Browne: Munster’s ‘crying need’ for cover swung Grobler’s arrival

Philip Browne has suggested Munster’s signing of Gerbrandt Grobler was down to a “crying need” for second-row cover, a situation that led the province and the IRFU to ignore the player’s former doping ban.

The IRFU chief executive said yesterday that the union will review its policy on signing players with a history of doping, but revealed they were fully aware of the player’s past when Rassie Erasmus presented the former Stormers lock to them last year.

With Donnacha Ryan moving to Racing 92 in France and Tadhg Beirne not available until this coming summer, Munster needed someone quickly.

Grobler, who was banned for two years in 2014 after admitting he took steroids after a run of injuries had disrupted his progress, was pitched to David Nucifora and the IRFU’s High Performance unit and given the thumbs-up to make the move to Ireland.

“How it works is, if a province wishes to bring in a foreign player, they have to produce a CV, a playing record, all of that, and it gets considered by the IRFU High Performance department, with the province and then they make a decision. It’s a joint decision,” Browne explained.

So, clearly having a doping ban on that CV is not something that would rule out signing said player?

“Evidently…” Browne replied. The obvious question is ‘why not’? “Well... if you were to ask me ‘do we have a specific policy, for that specific set of circumstances, the answer is no we don’t.

“So, the reality is — do we need to consider having a policy for that particular set of circumstances? The answer is we need to consider that.

“The reality is — there was a view taken, that there was a crying need for a second row in Munster, Tadhg Beirne was not available until this year, Rassie identified this player, and a decision was taken to bring him in.

“On the basis he’d been playing for a year in Racing, that he was medically cleared, he’d done his time, and the view was here’s a young fella, who made a rash decision, regrets it and at the end of the day he could make a contribution to Munster for a year, within an environment that is very different to any other, at the end of the day there are stringent anti- doping protocols and systems in place, which we are proud of.

“If you’re asking me would we consider putting a policy in place to deal with that particular set of circumstances, I think we’ll consider it, because it’s obviously an issue. It was raised ‘from a values point of view, is it the right thing?’ — and we need to have that discussion, and we will have it.”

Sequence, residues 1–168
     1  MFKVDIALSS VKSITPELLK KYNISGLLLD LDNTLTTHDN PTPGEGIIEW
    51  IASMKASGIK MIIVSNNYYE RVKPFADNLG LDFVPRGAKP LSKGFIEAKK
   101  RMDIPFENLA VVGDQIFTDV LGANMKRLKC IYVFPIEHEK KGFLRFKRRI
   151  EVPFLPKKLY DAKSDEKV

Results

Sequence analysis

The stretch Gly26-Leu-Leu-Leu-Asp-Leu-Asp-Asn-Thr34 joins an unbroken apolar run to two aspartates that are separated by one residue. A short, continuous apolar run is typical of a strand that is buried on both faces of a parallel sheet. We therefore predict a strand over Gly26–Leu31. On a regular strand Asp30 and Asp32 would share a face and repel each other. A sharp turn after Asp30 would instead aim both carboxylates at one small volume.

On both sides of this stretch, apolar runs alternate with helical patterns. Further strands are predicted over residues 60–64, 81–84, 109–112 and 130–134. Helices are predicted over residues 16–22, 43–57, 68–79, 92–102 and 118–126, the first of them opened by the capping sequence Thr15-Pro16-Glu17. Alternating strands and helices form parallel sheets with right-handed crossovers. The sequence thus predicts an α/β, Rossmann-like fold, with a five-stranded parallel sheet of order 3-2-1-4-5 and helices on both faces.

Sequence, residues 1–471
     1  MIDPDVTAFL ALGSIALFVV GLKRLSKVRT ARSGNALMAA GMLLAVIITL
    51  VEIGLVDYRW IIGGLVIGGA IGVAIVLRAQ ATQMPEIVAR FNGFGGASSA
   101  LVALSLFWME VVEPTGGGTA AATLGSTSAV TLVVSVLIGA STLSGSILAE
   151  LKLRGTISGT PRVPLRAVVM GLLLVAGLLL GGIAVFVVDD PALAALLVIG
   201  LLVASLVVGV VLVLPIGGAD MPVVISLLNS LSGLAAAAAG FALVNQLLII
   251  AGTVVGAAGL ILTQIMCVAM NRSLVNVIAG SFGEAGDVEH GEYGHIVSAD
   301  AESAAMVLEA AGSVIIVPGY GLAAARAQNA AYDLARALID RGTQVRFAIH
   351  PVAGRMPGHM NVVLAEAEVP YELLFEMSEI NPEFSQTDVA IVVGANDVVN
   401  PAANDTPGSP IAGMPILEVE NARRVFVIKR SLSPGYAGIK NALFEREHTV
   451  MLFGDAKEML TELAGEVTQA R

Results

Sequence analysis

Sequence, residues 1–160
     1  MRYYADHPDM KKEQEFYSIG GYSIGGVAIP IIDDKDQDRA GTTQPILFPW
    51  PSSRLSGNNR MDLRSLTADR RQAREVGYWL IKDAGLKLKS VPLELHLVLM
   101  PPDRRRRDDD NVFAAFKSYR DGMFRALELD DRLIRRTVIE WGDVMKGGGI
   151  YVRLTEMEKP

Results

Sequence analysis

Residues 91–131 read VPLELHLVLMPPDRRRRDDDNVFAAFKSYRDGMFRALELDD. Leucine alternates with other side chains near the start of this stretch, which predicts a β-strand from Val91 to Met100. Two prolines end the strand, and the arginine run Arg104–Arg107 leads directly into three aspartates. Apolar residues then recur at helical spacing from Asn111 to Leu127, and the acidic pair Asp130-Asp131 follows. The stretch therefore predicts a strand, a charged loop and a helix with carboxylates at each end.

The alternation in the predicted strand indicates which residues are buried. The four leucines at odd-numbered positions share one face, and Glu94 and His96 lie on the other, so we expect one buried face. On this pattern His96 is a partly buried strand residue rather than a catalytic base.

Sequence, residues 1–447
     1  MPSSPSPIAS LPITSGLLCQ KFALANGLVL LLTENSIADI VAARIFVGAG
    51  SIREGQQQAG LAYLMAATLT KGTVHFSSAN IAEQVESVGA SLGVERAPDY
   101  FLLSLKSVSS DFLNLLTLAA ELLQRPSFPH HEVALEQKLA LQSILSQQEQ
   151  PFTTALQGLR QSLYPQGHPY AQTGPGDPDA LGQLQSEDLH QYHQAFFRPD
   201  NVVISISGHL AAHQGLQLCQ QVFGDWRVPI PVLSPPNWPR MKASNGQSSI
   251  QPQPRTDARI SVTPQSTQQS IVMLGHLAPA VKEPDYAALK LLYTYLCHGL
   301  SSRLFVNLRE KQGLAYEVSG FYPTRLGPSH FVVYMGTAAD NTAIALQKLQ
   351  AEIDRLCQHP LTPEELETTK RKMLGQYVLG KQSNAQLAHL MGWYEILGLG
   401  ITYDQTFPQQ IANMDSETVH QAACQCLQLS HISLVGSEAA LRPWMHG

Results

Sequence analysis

Browne says Ireland will continue to look overseas for players to boost the number of options available to the provinces and, in turn, the national team.

South Africa has been a particularly fruitful hunting ground for the likes of Munster and Ulster, in particular.

Munster announced the capture of two teenage players from South Africa last week, but Browne says Grobler’s specific situation will not derail future recruitment from the country.

“We are in a position where we have to field four professional teams which are competitive,” Browne said. “We have to either produce them in Ireland or in the circumstances where we do not have certain players to fill positions, we have to look outside. We shouldn’t limit our talent pool to the island of Ireland and we never have, certainly in all of the time I have been here.

“We have always looked at talent outside of Ireland who are Irish-qualified, particularly in the UK.

“We had Dion Ó Cuinneagáin from South Africa many years ago, we had Keith Gleeson from Australia. We have our networks across the world who keep an eye on young, talented players and if they are Irish-qualified and wish to commit to the Ireland system and wish to play for Ireland, we are prepared to look at them and that has always been the case.”

Meanwhile, Browne has said that even the sports bodies who now call Aviva Stadium home were surprised by how quickly the name ‘Aviva Stadium’ took over from ‘Lansdowne Road’ in the popular imagination.

Speaking at the announcement yesterday that Aviva Ireland has extended its naming rights to the stadium until 2025, he said: “One of the extraordinary things is the way in which the name got traction so quickly.

“Even we were sceptical about how it would gain traction but it did and that has been enormously beneficial.”

Welcoming the extended sponsorship, Browne said: “It’s a great outcome for the IRFU, the Aviva Stadium, and the FAI in that it’s a continuation of what has been a very successful partnership.”

FAI boss John Delaney said: “Aviva have been great partners with the whole stadium project from day one and we are delighted they have renewed their naming rights with us.”


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